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Prepare to apologize to Jimmy Anderson, Right Now

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Last updated on 04 Feb 2024 | 05:29 AM
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Prepare to apologize to Jimmy Anderson, Right Now

The ball to Rohit was the perfect example of the precision Anderson has been able to impart on a cricket ball - even with so much of Airmiles trying to bog him down at the age of 41

James Anderson would perhaps be doing the same thing in 2034. 250-Test old. 900 Test wickets in the bag. And bowling England to victories on non-responsive wickets, under the captaincy of some Andrew…Something. 

Then you would switch on your TV. You see, Chris Woakes and Ben Stokes raving about Anderson’s longevity in the commentary box. English cricket writers, now fed up writing the same thing over and over, are now finding some other narrative to focus on. Does George Dobell still write for The Cricketer?

Did I take your imagination way too far? Then tell me, what is the subdued version of this?


James Anderson is now 41. Cricket’s Grandpa, if you’d like. Tired of the Airmiles he has put in the last two decades. 1000s of overs bowled an insane amount of pressure handled, and many memorable victories registered. But he still has the appetite to show up for an optional training session and make a net session with Joe Root a one-on-one bout of pure fire. No need for a juicy reminder - work shows up for itself.

From Nasser Hussain to Michael Vaughan, Andrew Strauss to Alastair Cook, Joe Root to now, Ben Stokes - where eras traversed, Anderson remained the last man standing. Firmly on a strong foot. When captains needed the opposition to hit a bump, it was Anderson who left a lasting impression. 

How could it be any different when England arrived at the Dr. Y.S.Rajashekar Reddy ACA-VDCA International Cricket Stadium in Visakhapatnam for Day 3 of the second Test, trying to reverse yet another huge lead? It had to be Anderson.

The ball to Rohit Sharma was the perfect example of the precision he has been able to impart on a cricket ball. It landed on a good length and seamed away just a little. Even for someone like Rohit Sharma, who feasts on balls like this, there was no answer. That ball was like a pacer’s answer to cover drive - aesthetically, it left a huge impression. 

When was Anderson only about aesthetic stuff? Substance is his middle name. In his very next over, another full ball angled away sharply to Yashasvi Jaiswal, the double centurion from the first innings, who wanted to drive, but ended up edging to first slip. From a position of complete strength, India were down to 30-2 - knowing very well that anything could be chased down in the Bazball era.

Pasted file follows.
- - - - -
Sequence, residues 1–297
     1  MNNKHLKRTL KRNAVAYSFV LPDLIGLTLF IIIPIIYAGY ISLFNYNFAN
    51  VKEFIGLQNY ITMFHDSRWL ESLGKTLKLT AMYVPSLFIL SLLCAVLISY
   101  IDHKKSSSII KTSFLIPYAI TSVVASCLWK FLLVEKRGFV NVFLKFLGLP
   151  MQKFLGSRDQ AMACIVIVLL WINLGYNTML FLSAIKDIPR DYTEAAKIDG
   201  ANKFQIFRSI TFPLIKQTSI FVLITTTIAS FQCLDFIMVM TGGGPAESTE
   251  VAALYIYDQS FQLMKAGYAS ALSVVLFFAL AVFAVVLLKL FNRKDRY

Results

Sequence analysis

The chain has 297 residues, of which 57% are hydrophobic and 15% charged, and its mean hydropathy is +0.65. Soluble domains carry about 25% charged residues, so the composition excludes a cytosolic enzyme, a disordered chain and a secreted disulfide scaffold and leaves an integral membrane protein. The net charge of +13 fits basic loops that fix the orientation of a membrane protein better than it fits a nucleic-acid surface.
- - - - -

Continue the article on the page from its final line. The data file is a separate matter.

Throughout the first innings, Anderson had shown his ability to control things at his own pace. His intimidating line put so much pressure on the Indian batters from the other end that they had to take risks against spinners. While everyone conceded at least 3 runs per over, Anderson was an anomaly, chipping in with three wickets at an economy rate of 1.90. 


When Stuart Broad retired from Tests following the 2023 Ashes, Anderson was mocked. Mocked for continuing even after having a horrible Ashes. Fitness had gone for a toss - but he persisted, unflinched by the calls to retire. Is there a selfish reason? Has he overstayed his welcome?

Max Puger, a Web3 founder, recently made a very good point on Twitter. “The idea that one can tarnish a legacy by playing beyond a prime is one of the worst possible takes in sport... largely pushed by the sorts obsessed with GOAT debates. If you enjoy tennis, you'll appreciate being able to see guys like Nadal, Murray, and Djokovic play against newer generations. Their achievements still stand regardless of what happens now.”

Not that it diminishes his legacy, but Anderson has made himself available. It’s left to the England team management and the selectors to pick him in the XI or not. Or even in the squad at all. He continued to make the effort to be there and even at 41, he embraced the new responsibilities of being the sole pacer in the side. That’s the beauty of James Anderson. 

As we motor along, there will be a new crop of pacers in English cricket who would perhaps do more interesting stuff than Anderson. But will there ever be a player who is ready to stay persistent for 20 years - heck, even for half of Anderson’s longevity, and will still have the willpower to do the donkey’s job?

History will be kinder to Anderson than many on Twitter are. 

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